The Food and Drug Administration has approved a new injection for the treatment of upper limb spasticity in adults. An estimated 1.7 million people suffer from the condition.
The Food and Drug Administration has approved a new injection for the treatment of upper limb spasticity in adults, according to the drug’s manufacturer.
Ipsen Biopharmaceuticals Inc. says Dysport (abobotulinumtoxinA) decreases the severity of increased muscle tone in elbow, wrist, and finger flexors. An estimated 1.8 million Americans suffer from spasticity, the symptoms of which are muscle stiffness, flexing, spasms, twitching, and pain.
The drug had previously been approved for cervical dystonia.
“Spasticity can have a profound impact on adult patients and their abilities to perform the most basic daily tasks,” said Cynthia Schwalm, Ipsen’s CEO.
The approval came after a Phase III study that compared the efficacy of Dysport versus placebo in hemiparetic patients following stroke or brain trauma. The trial also included patients who were botulinum toxin naïve or previously treated with botulinum toxin.
At four weeks, the 238 patients in the study were tested for muscle tone in the treated limb using the Modified Ashworth Scale (MAS) and also assessed using the Physician Global Assessment (PGA). The study showed improvement in both measurements for patients given doses of Dysport. Approximately three out of four patients responded to the drug, with significantly reduced muscle tone in the primary target muscle groups, which included elbow, wrist, and finger muscles.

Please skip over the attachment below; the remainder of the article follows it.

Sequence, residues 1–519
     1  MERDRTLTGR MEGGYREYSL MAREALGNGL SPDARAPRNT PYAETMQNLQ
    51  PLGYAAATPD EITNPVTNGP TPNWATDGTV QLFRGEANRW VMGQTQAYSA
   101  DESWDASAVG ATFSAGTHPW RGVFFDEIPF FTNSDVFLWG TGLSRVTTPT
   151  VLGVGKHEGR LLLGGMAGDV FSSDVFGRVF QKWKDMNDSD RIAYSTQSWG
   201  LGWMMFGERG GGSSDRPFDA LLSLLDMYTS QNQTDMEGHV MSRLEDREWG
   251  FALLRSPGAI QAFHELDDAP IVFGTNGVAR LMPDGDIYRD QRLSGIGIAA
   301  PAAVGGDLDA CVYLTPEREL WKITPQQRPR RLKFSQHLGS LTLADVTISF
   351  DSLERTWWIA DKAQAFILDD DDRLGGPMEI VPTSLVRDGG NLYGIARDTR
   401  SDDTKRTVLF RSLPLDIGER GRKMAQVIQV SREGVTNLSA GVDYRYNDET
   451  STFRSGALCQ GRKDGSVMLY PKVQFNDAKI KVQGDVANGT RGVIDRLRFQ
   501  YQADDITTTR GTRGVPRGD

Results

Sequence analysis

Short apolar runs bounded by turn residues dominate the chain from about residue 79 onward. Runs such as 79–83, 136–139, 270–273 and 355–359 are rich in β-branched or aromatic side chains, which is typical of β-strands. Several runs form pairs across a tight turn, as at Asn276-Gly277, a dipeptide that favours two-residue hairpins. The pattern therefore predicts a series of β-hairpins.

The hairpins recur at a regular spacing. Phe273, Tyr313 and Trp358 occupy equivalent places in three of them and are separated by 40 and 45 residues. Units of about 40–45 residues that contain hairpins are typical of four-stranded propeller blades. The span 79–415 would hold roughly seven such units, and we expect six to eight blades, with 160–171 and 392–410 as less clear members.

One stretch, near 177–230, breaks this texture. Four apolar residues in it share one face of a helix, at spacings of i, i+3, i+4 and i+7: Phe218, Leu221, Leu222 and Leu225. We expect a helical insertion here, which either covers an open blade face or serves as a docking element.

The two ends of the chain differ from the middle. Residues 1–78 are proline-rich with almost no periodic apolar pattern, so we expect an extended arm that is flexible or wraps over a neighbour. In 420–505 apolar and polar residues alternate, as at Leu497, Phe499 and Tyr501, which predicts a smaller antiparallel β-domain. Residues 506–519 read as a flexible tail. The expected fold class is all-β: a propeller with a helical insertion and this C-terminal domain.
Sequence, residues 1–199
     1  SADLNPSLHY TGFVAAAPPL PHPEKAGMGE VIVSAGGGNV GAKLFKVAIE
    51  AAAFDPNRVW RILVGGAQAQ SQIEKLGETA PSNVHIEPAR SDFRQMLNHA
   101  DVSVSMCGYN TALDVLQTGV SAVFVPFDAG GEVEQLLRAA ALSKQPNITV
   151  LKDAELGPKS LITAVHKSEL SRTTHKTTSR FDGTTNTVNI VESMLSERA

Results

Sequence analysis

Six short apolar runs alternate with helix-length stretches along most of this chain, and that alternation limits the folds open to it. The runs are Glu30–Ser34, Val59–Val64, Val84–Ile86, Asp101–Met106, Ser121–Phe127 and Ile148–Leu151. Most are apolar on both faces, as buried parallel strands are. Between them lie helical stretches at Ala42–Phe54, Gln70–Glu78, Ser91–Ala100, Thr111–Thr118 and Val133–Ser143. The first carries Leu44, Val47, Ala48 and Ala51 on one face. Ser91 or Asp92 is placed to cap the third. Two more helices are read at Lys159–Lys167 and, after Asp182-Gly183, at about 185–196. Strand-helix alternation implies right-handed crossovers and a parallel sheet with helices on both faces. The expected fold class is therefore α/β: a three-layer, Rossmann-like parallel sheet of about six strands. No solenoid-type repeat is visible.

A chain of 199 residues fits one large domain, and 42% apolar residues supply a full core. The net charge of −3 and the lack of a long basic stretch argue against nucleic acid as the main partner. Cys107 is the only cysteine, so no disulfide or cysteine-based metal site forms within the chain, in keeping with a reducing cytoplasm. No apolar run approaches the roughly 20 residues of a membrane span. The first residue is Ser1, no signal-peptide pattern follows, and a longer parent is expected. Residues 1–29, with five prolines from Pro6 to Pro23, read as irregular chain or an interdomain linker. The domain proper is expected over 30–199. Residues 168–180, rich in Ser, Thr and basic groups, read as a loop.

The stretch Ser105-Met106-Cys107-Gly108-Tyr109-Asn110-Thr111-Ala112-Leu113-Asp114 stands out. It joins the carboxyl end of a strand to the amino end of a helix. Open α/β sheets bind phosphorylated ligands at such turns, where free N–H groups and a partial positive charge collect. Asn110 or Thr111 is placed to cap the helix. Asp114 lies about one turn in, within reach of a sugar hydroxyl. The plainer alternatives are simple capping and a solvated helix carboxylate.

“This approval is based on strong data which showed that Dysport improved muscle tone in the upper limb — essential for active use of the hand and arm,” said Allison Brashear, MD, professor and chair of neurology at Wake Forest Baptist Medical Center and the US principal investigator of the Phase III trial. “It is important to realize that early identification is critical for patients with upper limb spasticity, given that when left untreated, spasticity can result in increased muscle tone.”
The most frequently reported adverse reactions were urinary tract infection, nasopharyngitis, muscular weakness, musculoskeletal pain, dizziness, fall, and depression.